In the end I had plenty of time. My dad lived for another week before pneumonia (what was once called the old man's friend) stole him away from us. He had said everything, we had said everything, there was nothing left to say. We began repeating ourselves. I watched as various family members arrived still hoping and then struggled to accept what we already knew was to be the only inevitable outcome.
|Alexander Carson 1923 - 2017|
We deliberately planned a wee while before the funeral in order to accommodate our diverse family scattered across the globe to gather themselves together for, probably, one last time. There are not many of the old ones left, of his generation he was the last.
There are memories of my childhood, tattie soup with the boiled beef eaten later for tea with bread and butter.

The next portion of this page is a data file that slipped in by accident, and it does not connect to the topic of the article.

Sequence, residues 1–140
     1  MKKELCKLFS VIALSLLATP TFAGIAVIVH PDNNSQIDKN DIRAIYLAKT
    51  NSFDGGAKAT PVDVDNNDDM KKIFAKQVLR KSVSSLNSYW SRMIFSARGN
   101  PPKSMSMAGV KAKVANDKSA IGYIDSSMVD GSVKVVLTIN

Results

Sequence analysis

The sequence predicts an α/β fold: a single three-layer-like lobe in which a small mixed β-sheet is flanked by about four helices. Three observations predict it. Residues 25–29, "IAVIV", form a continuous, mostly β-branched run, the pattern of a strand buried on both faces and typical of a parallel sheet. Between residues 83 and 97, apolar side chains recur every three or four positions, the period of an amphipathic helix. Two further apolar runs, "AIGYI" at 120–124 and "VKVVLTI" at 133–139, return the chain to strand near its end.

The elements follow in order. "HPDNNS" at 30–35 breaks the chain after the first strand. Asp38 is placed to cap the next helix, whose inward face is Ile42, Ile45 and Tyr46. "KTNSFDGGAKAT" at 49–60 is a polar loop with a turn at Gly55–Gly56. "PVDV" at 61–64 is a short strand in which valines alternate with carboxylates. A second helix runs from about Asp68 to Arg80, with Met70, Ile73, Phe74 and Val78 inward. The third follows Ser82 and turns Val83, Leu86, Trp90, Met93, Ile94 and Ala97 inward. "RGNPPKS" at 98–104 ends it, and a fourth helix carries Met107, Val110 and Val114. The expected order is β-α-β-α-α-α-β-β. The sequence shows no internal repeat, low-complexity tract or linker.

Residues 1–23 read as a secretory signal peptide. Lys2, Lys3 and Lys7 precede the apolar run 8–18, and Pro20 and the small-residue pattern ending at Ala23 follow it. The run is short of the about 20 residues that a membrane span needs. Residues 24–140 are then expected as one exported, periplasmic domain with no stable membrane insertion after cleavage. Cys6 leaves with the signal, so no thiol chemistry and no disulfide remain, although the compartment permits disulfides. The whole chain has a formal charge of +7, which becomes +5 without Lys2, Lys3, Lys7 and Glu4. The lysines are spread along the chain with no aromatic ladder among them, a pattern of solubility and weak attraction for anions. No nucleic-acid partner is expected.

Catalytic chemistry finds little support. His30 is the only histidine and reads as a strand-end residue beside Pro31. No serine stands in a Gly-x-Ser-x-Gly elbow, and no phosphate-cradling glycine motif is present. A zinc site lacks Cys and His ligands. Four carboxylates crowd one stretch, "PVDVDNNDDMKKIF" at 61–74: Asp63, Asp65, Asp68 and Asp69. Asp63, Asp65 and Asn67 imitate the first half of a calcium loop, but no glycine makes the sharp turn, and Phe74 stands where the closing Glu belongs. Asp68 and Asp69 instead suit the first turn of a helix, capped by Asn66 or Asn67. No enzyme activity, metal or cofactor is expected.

There are people who know me, people I have forgotten. There are family stories, some we all know and still we laugh as if this is the first time we had heard them. There are revelations that are new and old questions find answers. It's mentally and emotionally exhausting.
I am sat here watching a bleak and cold Scottish spring come to bloom while my finca throws up its annual show to temperatures in the 20'sC without me. Steve sends me photos of the Broom in blossom, I have only to close my eyes to smell it's coconutty scent. Of the vegetable garden newly planted with this year's choices. Our alfresco lunches in embryo set in neat rows and I ache to be home.
Next week this will pass into our family history and we will pick up the pieces of our lives and move on. Right now I can't imagine where I would rather be than in Spain on my finca with the flowers and the insects and the animals and where all will be well.